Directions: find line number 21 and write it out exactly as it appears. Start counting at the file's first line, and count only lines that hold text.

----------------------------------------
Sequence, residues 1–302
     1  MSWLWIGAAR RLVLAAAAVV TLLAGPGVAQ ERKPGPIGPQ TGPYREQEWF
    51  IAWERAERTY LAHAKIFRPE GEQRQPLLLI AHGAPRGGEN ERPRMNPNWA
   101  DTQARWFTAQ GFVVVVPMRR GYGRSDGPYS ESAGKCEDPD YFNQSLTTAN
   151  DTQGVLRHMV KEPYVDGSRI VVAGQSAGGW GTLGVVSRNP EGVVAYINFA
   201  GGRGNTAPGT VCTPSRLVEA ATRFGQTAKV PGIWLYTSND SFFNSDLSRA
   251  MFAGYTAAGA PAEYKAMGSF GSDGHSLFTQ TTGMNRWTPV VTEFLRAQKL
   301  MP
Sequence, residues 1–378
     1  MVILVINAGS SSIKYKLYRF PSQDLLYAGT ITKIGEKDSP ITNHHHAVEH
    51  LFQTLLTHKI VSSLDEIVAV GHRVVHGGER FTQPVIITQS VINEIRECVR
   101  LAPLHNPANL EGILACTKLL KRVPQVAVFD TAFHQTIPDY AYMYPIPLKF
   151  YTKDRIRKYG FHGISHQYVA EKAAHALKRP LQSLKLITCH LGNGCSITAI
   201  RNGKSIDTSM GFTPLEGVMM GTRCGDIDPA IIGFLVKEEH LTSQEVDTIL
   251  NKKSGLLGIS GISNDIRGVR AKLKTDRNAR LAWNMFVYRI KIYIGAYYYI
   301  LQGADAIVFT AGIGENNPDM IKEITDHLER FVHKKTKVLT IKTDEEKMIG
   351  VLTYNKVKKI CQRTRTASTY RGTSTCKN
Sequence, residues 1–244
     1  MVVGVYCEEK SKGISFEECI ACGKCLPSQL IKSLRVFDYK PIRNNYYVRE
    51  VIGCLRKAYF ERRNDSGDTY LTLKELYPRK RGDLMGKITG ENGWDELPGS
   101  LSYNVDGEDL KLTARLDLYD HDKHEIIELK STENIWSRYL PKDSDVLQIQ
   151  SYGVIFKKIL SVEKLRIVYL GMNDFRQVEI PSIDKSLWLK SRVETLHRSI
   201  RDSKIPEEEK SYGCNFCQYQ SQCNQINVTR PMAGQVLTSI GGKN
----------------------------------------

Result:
   101  LSYNVDGEDL KLTARLDLYD HDKHEIIELK STENIWSRYL PKDSDVLQIQ